8.
Surg Infect (Larchmt) ; 22(8): 818-827, 2021 Oct.
Article in English | MEDLINE | ID: covidwho-1104786

ABSTRACT

Background: As the coronavirus disease-2019 (COVID-19) pandemic continues globally, high numbers of new infections are developing nationwide, particularly in the U.S. Midwest and along both the Atlantic and Pacific coasts. The need to accommodate growing numbers of hospitalized patients has led facilities in affected areas to suspend anew or curtail normal hospital activities, including elective surgery, even as earlier-affected areas normalized surgical services. Backlogged surgical cases now number in the tens of millions globally. Facilities will be hard-pressed to address these backlogs, even absent the recrudescence of COVID-19. This document provides guidance for the safe and effective resumption of surgical services as circumstances permit. Methods: Review and synthesis of pertinent international peer-reviewed literature, with integration of expert opinion. Results: The "second-wave" of serious infections is placing the healthcare system under renewed stress. Surgical teams likely will encounter persons harboring the virus, whether symptomatic or not. Continued vigilance and protection of patients and staff remain paramount. Reviewed are the impact of COVID-19 on the surgical workforce, considerations for operating on a COVID-19 patient and the outcomes of such operations, the size and nature of the surgical backlog, and the logistics of resumption, including organizational considerations, patient and staff safety, preparation of the surgical candidate, and the role of enhanced recovery programs to reduce morbidity, length of stay, and cost by rational, equitable resource utilization. Conclusions: Resumption of surgical services requires institutional commitment (including teams of surgeons, anesthesiologists, nurses, pharmacists, therapists, dieticians, and administrators). Structured protocols and equitable implementation programs, and iterative audit, planning, and integration will improve outcomes, enhance safety, preserve resources, and reduce cost, all of which will contribute to safe and successful reduction of the surgical backlog.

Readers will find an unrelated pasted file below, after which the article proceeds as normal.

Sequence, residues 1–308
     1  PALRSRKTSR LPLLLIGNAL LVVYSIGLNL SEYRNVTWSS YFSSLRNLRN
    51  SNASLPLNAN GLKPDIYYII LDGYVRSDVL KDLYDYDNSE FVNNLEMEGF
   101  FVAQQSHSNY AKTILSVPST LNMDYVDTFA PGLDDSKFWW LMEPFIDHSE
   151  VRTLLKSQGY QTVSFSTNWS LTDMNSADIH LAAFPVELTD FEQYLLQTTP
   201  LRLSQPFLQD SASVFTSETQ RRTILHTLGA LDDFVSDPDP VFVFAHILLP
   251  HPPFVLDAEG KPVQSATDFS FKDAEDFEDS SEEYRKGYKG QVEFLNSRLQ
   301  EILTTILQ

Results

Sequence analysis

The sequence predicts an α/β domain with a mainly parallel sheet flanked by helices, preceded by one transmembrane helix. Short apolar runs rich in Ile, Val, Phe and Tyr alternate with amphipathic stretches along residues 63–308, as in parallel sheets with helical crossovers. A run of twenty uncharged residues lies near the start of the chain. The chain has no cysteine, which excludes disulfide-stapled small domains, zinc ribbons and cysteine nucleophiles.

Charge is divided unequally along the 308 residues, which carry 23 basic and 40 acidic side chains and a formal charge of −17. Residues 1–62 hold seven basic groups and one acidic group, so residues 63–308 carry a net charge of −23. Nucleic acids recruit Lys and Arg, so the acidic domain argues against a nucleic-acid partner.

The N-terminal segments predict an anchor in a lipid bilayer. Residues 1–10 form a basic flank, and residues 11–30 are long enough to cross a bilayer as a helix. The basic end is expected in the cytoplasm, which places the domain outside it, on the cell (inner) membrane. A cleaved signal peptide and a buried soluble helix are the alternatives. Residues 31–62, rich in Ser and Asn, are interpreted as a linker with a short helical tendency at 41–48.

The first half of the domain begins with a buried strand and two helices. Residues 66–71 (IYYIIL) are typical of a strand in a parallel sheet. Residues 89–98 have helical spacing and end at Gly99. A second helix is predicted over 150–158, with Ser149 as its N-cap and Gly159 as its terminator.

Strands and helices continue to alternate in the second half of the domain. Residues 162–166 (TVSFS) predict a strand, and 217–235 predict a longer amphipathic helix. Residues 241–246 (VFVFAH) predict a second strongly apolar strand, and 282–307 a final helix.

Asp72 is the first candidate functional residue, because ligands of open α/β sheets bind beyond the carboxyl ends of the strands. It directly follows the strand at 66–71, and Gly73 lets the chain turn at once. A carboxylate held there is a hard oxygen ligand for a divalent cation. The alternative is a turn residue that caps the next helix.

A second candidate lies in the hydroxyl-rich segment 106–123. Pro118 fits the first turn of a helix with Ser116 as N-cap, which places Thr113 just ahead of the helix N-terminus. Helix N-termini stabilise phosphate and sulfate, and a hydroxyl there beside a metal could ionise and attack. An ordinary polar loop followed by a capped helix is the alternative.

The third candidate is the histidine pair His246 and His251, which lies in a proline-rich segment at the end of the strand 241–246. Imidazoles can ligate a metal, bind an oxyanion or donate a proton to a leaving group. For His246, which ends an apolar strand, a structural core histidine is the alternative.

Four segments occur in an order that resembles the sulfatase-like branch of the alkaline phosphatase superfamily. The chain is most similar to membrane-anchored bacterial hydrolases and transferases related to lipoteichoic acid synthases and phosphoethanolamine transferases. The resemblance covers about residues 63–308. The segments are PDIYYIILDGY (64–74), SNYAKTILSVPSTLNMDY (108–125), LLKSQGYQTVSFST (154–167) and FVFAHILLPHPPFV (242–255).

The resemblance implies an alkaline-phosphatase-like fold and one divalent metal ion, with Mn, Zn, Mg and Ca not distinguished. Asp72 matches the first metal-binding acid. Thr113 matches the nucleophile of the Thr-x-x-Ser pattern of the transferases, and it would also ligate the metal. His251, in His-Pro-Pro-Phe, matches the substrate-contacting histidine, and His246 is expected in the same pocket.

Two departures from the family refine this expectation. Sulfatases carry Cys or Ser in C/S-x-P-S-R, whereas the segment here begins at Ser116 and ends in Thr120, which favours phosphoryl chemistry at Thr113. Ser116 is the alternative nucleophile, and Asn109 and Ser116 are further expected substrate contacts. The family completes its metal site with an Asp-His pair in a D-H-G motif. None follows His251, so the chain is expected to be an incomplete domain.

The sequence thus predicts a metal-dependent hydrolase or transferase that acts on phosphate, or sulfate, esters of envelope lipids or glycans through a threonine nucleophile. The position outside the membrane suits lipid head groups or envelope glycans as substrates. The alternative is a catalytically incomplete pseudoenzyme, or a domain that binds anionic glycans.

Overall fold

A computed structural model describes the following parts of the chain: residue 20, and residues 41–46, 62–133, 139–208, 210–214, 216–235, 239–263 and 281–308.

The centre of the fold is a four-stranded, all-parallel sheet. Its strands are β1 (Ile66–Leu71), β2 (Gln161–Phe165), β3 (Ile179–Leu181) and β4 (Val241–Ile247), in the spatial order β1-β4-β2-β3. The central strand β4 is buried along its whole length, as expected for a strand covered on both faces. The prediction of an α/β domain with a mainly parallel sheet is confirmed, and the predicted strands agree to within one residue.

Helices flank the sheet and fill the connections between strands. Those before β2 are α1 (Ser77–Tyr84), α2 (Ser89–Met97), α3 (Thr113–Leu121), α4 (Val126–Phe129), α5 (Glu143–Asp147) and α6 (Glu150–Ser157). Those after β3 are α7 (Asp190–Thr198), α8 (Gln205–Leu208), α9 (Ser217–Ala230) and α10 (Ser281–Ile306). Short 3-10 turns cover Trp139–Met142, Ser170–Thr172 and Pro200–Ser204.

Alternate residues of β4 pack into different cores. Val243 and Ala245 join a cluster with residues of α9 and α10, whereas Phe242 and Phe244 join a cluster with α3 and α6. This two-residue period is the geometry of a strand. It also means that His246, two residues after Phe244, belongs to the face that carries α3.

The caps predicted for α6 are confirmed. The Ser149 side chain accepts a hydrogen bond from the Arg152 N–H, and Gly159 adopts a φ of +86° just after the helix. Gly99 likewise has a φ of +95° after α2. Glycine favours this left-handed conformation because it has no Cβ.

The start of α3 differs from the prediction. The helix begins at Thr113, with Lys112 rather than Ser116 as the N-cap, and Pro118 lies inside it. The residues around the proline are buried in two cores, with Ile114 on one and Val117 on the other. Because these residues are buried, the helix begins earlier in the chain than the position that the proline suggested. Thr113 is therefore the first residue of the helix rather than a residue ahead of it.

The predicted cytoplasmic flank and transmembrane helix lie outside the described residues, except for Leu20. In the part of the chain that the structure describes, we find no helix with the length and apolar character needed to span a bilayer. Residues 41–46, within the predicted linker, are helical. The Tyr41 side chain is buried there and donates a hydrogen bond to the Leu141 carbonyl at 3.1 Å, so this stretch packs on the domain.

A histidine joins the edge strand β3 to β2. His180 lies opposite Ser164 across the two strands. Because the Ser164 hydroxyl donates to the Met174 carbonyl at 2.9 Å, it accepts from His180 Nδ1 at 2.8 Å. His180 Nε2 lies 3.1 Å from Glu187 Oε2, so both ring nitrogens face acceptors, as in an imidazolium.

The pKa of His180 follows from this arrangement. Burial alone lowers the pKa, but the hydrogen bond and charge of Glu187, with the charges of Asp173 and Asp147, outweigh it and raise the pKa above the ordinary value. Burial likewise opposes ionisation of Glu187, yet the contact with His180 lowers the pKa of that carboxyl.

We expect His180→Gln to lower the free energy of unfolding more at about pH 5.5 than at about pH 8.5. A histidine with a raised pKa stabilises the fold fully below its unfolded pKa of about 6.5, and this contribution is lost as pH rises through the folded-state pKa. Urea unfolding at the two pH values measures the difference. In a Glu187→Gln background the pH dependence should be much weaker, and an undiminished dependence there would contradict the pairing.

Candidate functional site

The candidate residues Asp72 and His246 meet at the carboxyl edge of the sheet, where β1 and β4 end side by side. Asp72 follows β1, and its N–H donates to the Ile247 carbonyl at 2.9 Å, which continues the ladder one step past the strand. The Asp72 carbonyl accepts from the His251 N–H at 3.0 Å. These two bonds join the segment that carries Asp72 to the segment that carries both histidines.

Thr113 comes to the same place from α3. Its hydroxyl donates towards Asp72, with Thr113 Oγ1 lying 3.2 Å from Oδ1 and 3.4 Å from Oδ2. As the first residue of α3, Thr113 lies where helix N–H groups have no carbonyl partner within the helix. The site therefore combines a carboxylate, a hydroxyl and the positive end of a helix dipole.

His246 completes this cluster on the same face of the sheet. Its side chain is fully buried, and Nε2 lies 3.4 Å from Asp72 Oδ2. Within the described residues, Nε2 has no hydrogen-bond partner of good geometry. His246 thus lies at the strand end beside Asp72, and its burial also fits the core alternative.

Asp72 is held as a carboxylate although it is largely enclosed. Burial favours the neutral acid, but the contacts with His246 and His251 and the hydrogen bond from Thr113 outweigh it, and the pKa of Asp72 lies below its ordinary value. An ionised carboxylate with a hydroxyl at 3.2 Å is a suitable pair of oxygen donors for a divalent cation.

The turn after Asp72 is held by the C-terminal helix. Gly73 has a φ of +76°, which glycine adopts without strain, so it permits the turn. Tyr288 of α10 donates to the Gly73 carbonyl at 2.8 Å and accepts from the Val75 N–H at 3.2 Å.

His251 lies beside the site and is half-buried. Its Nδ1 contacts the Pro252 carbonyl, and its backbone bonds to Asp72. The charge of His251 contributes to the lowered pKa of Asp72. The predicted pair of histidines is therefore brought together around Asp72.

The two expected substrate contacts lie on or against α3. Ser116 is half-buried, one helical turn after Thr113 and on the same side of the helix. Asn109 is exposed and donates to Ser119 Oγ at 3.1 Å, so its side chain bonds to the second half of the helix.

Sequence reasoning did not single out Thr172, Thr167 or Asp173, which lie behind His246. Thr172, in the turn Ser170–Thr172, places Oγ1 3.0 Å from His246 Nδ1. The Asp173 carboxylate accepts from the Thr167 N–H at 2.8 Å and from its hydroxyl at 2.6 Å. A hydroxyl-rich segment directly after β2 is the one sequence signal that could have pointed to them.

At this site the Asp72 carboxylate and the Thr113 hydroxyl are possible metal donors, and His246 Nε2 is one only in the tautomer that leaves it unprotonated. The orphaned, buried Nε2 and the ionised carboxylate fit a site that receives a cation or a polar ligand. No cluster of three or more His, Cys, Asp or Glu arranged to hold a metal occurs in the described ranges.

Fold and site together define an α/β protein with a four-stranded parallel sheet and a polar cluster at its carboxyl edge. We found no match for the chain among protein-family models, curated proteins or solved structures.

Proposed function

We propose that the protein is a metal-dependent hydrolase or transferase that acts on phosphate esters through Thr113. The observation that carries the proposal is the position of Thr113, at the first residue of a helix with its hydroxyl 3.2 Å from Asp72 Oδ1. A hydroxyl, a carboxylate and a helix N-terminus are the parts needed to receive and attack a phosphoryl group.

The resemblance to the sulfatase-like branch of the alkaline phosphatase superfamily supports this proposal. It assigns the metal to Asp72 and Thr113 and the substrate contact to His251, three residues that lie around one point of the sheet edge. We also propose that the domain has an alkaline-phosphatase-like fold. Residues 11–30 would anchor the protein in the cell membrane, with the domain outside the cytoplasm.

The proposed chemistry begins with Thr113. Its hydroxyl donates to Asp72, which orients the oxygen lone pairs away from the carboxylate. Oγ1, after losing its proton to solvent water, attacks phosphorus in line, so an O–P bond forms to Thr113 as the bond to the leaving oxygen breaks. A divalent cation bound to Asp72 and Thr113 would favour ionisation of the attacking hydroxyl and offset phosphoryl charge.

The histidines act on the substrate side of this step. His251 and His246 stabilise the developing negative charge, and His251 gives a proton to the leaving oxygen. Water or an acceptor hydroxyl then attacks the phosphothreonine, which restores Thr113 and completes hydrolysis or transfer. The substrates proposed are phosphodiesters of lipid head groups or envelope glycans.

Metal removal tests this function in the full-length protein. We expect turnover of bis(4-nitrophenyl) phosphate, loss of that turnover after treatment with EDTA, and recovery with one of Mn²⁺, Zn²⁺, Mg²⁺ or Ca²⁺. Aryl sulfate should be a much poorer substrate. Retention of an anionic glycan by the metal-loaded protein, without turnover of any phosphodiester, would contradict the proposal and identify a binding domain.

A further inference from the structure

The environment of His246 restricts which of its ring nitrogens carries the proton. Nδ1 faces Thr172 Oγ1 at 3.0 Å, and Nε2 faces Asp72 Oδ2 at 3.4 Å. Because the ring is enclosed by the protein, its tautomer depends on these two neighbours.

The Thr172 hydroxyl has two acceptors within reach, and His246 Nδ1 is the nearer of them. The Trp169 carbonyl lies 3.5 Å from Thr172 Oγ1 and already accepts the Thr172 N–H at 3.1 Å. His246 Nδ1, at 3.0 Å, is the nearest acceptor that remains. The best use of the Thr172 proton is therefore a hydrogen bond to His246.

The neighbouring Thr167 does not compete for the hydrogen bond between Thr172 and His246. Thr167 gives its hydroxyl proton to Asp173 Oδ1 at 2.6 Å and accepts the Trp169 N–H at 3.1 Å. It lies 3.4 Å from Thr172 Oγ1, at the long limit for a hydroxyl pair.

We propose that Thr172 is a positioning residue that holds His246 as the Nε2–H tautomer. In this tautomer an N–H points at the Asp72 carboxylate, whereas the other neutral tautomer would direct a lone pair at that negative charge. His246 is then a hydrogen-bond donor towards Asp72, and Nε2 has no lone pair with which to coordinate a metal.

Subject(s)
COVID-19/prevention & control , Delivery of Health Care/standards , Elective Surgical Procedures/standards , Guidelines as Topic , Infection Control/standards , Pandemics/prevention & control , Perioperative Care/standards , COVID-19/epidemiology , Health Facilities/standards , Humans , Infection Control/methods , Perioperative Care/methods , SARS-CoV-2 , Societies, Medical
9.
Pan Afr Med J ; 37(Suppl 1): 35, 2020.
Article in French | MEDLINE | ID: covidwho-1033073

ABSTRACT